Jagatkarana, Jagatkāraṇa, Jagat-karana: 6 definitions

Introduction:

Jagatkarana means something in Hinduism, Sanskrit, Marathi. If you want to know the exact meaning, history, etymology or English translation of this term then check out the descriptions on this page. Add your comment or reference to a book if you want to contribute to this summary article.

Languages of India and abroad

Marathi-English dictionary

[«previous next»] — Jagatkarana in Marathi glossary
Source: DDSA: The Molesworth Marathi and English Dictionary

jagatkāraṇa (जगत्कारण).—n S (Cause of the universe.) The power originating or creating the universe. Applied variously, in the various systems, to īśvara, māyā, pradhāna, paramāṇu &c.

Source: DDSA: The Aryabhusan school dictionary, Marathi-English

jagatkāraṇa (जगत्कारण).—n The power creating the uni- verse.

context information

Marathi is an Indo-European language having over 70 million native speakers people in (predominantly) Maharashtra India. Marathi, like many other Indo-Aryan languages, evolved from early forms of Prakrit, which itself is a subset of Sanskrit, one of the most ancient languages of the world.

Discover the meaning of jagatkarana in the context of Marathi from relevant books on Exotic India

Sanskrit dictionary

[«previous next»] — Jagatkarana in Sanskrit glossary
Source: DDSA: The practical Sanskrit-English dictionary

Jagatkāraṇa (जगत्कारण).—the cause of the universe.

Derivable forms: jagatkāraṇam (जगत्कारणम्).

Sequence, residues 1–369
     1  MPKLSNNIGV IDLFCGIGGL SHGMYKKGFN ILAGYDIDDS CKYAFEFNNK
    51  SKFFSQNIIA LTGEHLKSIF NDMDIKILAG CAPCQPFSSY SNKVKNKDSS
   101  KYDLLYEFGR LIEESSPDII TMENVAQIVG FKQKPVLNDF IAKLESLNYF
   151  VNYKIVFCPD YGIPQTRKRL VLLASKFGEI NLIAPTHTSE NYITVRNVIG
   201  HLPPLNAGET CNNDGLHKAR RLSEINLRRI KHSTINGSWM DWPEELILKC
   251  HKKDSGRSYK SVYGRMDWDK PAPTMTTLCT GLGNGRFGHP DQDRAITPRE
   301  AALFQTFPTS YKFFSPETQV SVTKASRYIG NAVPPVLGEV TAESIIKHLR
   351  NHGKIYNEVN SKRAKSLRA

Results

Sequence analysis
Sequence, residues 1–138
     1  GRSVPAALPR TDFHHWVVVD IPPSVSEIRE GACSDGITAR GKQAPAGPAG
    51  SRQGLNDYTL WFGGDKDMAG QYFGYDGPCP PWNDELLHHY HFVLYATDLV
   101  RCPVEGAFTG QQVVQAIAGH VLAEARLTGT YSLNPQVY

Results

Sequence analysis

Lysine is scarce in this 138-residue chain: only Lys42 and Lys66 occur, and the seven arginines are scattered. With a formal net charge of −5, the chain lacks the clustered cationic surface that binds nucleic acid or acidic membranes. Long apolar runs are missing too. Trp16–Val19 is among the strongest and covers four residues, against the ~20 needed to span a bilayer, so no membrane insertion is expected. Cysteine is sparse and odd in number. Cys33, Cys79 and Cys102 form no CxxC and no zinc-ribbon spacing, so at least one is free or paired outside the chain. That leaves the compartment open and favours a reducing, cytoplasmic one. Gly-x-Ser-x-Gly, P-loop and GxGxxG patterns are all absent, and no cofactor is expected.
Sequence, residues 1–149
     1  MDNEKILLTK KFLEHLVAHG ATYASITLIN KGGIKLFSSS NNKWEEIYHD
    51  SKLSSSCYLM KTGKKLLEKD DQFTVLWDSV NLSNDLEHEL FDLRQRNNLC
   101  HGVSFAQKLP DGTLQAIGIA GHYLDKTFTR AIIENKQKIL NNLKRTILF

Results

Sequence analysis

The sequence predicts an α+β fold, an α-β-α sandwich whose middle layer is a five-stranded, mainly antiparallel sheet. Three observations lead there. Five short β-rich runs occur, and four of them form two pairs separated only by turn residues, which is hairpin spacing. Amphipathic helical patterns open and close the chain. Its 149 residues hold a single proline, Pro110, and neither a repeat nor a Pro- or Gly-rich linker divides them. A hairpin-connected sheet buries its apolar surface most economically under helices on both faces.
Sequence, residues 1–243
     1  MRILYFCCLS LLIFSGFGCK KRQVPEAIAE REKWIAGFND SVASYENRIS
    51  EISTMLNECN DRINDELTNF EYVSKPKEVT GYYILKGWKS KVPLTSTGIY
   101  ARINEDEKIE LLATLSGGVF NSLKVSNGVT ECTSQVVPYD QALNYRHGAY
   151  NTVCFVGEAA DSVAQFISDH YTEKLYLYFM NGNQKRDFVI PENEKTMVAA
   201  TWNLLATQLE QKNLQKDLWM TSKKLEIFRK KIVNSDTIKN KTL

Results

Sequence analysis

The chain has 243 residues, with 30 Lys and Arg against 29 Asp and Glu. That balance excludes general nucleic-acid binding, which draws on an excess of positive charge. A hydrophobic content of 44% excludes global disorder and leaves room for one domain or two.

Jagatkāraṇa is a Sanskrit compound consisting of the terms jagat and kāraṇa (कारण).

Source: Cologne Digital Sanskrit Dictionaries: Cappeller Sanskrit-English Dictionary

Jagatkāraṇa (जगत्कारण).—[neuter] the cause of the world.

Source: Cologne Digital Sanskrit Dictionaries: Monier-Williams Sanskrit-English Dictionary

Jagatkāraṇa (जगत्कारण):—[=jagat-kāraṇa] [from jagat > jaga] n. the cause of the universe, [Vedāntasāra]

[Sanskrit to German]

Jagatkarana in German

context information

Sanskrit, also spelled संस्कृतम् (saṃskṛtam), is an ancient language of India commonly seen as the grandmother of the Indo-European language family (even English!). Closely allied with Prakrit and Pali, Sanskrit is more exhaustive in both grammar and terms and has the most extensive collection of literature in the world, greatly surpassing its sister-languages Greek and Latin.

Discover the meaning of jagatkarana in the context of Sanskrit from relevant books on Exotic India

See also (Relevant definitions)

Relevant text

Let's grow together!

I humbly request your help to keep doing what I do best: provide the world with unbiased sources, definitions and images. Your donation direclty influences the quality and quantity of knowledge, wisdom and spiritual insight the world is exposed to.

Let's make the world a better place together!

Like what you read? Consider supporting this website: